Friday, June 1, 2018

above/ground press 25th anniversary essay: Kristina Drake

This is the nineteenth in a series of short essays/reminiscences by a variety of authors and friends of the press to help mark the quarter century mark of above/ground. See links to the whole series here.

I first met rob when I was a Creative Writing student at Concordia. I was a couple of months pregnant but not yet showing; rob was giving a poetry reading and my professor had encouraged the class to attend. The reading was held in a nondescript meeting room at Concordia. There were lines of chairs facing a podium, and there was rob, a very poet-looking poet with long hair, reading from his book of poems. It all seemed such a marvelous accomplishment – that I was there, a creative writing student, and that such things as poets publishing books existed. rob seemed to be “one of our own” – not one of the distant writers I’d read and studied. This perception helped me imagine that going from “here” to “there” was, indeed, possible. This thing rob was doing was something people did, something that could be done, that perhaps I could do.

I was a little star-struck, and so it’s not surprising that this experience made quite an impression on me. What is surprising, perhaps, is that it still seems significant to me today. The sense of collegiality, of camaraderie that I felt at this first introduction to rob and the above/ground press was energizing. rob made poetry and the idea of being a poet legitimate, tangible and attainable.  I remember this reading in relation to my pregnancy because, of course, events become connected in these ways in one’s memory, but also because that baby is now a young adult, and it seems to me that rob has nurtured the above/ground press and its community in the same way one raises a child.

Not long after that reading, I subscribed to the press and sporadically an envelope stuffed with poems would appear in the mail. It would arrive torn at the corners and taped to stop it splitting open. Receiving those packages was always a small envy-tinged thrill, but soon enough, the question became how to store them. The incredible volume of work the press has published over the years is truly impressive. Although I subscribed for only a few years, I have dozens of above/ground chapbooks on my shelves and a banker’s box full to bursting of “POEM” broadsides. Unfortunately, a banker’s box is a storage solution that does not lend its contents well to casual reading, and so, at one point, I considered getting rid of the broadsides but that seemed sacrilegious. So I’ve kept the box, carting it from apartment to apartment and house to house, and then from room to room within the house until finally, recently, the broadsides have made their way onto my shelves. Every time I’ve had to move that box and have opened it to see what it held, I’ve felt something akin to nostalgia at the sight of all the POEMs printed on the bright paper. Ah, yes, these! I’d think and tuck the top back on the box leaving the POEMs undisturbed. They remind me, still, of how I felt at the beginning of writing, before children and work consumed all my energy, before the years when I stopped writing altogether; they spark hope and possibility, still.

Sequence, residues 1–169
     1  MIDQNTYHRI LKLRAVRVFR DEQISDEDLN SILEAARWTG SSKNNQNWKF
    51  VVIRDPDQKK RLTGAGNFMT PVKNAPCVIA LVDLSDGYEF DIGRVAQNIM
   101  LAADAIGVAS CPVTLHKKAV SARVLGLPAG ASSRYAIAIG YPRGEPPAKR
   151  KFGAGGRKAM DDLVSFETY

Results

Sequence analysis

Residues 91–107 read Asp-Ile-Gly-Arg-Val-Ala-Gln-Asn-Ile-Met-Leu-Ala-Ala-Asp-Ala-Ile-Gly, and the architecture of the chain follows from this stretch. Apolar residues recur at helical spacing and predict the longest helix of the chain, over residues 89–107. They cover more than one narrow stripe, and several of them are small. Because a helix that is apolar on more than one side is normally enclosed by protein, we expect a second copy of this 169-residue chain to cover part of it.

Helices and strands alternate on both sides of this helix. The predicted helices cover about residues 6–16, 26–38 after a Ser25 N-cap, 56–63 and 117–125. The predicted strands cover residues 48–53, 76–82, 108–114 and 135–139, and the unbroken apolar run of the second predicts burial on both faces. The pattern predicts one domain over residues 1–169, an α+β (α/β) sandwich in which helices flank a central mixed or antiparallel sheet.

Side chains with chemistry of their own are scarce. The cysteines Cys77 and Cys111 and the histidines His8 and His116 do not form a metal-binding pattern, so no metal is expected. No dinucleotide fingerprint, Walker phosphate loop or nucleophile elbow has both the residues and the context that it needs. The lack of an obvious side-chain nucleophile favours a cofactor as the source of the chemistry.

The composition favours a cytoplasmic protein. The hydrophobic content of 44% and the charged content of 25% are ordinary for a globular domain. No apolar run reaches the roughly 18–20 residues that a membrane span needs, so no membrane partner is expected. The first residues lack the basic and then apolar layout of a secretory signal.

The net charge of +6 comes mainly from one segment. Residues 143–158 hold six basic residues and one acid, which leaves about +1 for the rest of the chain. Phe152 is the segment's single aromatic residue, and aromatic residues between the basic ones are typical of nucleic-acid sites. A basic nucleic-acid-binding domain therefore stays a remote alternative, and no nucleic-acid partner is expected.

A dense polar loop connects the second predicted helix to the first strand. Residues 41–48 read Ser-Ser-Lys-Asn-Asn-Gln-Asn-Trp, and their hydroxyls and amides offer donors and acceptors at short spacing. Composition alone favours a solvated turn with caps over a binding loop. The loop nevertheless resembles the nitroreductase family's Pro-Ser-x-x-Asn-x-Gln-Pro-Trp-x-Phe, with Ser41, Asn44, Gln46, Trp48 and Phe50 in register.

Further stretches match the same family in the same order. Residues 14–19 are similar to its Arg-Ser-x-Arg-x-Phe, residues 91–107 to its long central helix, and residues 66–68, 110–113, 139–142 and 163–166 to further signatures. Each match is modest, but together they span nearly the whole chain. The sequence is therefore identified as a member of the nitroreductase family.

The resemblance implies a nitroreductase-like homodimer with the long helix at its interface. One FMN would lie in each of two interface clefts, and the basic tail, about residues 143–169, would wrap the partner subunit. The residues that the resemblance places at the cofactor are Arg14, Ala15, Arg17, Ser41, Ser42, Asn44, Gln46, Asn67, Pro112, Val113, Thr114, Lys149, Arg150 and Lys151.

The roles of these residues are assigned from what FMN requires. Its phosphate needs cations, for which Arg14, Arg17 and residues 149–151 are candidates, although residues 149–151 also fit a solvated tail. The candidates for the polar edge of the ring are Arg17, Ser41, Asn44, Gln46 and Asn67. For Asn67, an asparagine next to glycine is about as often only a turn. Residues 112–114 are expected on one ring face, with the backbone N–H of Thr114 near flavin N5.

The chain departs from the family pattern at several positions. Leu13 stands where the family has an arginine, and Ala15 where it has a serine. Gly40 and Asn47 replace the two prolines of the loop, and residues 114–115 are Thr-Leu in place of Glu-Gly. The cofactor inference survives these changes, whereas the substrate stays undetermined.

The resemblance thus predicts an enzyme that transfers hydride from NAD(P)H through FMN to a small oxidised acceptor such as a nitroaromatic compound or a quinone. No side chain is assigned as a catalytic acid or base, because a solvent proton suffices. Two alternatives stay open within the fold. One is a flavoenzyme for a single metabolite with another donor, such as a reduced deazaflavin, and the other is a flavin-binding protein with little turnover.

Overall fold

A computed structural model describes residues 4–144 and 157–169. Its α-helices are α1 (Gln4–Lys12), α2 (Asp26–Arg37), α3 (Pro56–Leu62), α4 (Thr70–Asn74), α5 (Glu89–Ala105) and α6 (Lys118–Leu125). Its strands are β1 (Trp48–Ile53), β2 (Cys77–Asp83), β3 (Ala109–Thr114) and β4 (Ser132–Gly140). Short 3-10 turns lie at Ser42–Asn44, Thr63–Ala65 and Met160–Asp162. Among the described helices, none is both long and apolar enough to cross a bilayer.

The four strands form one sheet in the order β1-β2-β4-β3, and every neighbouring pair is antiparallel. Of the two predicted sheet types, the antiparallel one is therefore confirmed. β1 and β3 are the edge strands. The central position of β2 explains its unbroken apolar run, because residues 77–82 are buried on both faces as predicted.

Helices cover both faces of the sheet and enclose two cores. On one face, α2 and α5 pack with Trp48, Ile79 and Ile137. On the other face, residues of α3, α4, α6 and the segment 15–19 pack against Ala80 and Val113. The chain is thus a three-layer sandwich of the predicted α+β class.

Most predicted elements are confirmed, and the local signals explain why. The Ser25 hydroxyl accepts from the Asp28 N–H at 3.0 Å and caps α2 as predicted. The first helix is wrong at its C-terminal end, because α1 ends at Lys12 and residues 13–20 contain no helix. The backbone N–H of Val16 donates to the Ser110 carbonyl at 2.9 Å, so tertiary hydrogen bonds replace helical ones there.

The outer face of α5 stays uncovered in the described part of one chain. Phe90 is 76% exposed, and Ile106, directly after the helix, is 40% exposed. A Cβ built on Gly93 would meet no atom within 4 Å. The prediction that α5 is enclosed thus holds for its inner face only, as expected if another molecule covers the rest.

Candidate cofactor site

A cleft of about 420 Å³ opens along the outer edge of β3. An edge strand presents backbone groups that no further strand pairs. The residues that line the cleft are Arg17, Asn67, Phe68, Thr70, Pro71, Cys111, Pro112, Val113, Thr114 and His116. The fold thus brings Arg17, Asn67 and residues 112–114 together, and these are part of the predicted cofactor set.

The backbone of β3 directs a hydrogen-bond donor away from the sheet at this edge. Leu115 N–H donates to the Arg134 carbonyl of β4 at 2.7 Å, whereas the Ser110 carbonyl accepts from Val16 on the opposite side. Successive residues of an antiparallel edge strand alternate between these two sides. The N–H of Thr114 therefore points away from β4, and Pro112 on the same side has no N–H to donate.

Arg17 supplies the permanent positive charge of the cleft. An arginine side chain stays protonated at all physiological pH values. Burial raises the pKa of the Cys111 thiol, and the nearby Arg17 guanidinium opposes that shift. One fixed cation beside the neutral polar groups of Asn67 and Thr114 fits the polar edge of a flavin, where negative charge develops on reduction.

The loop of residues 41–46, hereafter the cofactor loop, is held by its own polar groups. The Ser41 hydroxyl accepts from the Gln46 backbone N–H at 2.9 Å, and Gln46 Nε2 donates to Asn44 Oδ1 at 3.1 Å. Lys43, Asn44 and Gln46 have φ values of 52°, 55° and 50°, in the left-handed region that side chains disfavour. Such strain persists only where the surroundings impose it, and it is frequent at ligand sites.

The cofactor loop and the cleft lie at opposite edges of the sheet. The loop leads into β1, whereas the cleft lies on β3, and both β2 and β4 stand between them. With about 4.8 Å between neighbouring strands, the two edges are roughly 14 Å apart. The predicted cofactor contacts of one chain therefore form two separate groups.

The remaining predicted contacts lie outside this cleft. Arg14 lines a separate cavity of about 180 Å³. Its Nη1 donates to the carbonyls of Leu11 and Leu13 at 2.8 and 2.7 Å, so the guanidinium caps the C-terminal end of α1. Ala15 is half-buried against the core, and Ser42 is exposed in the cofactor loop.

Over the years, the POEMs have acquired another level of significance. They are part of the history of Canadian poetry, a record of the growth of a community and of the development of individual writers, an inspiration for writers to come. This is no mean feat for a tiny press.

Even more valuable and immediate to me is rob’s unwavering support of poets and writers – new or established, local or not – and his ability to encourage, mentor and nurture this talented community. I want to say that rob is relentless, but that word carries a slight negative connotation that I wouldn’t want to imply. He’s supportive and persistent and, somehow, he manages, with his regular email inquiries, to nudge and push me in a way that I feel, included and valued. In the years when I gave up on my writing, rob did not. The above/ground press kept on publishing poems and poets, building writers and community, and when I was ready to return, rob and above/ground press were there to welcome me.

Last August, the press published a chapbook of mine and I read at the press’ 24th anniversary alongside other above/ground authors, including Stephanie Bolster, the professor who had encouraged me to attend rob’s reading close to 20 years ago. As full circles come, this one was pretty special: there I was, doing the thing.

For me, above/ground press is and will continue to be a beacon of possibility. It reminds me, when I’m in danger of forgetting, that I want to write, that I should write. And then I do.  


Kristina Drake writes and edits in the wilderness of East Hawkesbury, Ontario. Her poems have previously appeared in Carte BlancheSoliloquies and Yalla!, and as a Tuesday poem on Dusie.
Drake is the author of an above/ground press “poem” broadside for her poem “Sex at 31” (#226, 2005), as well as the chapbook Ornithology (2017).


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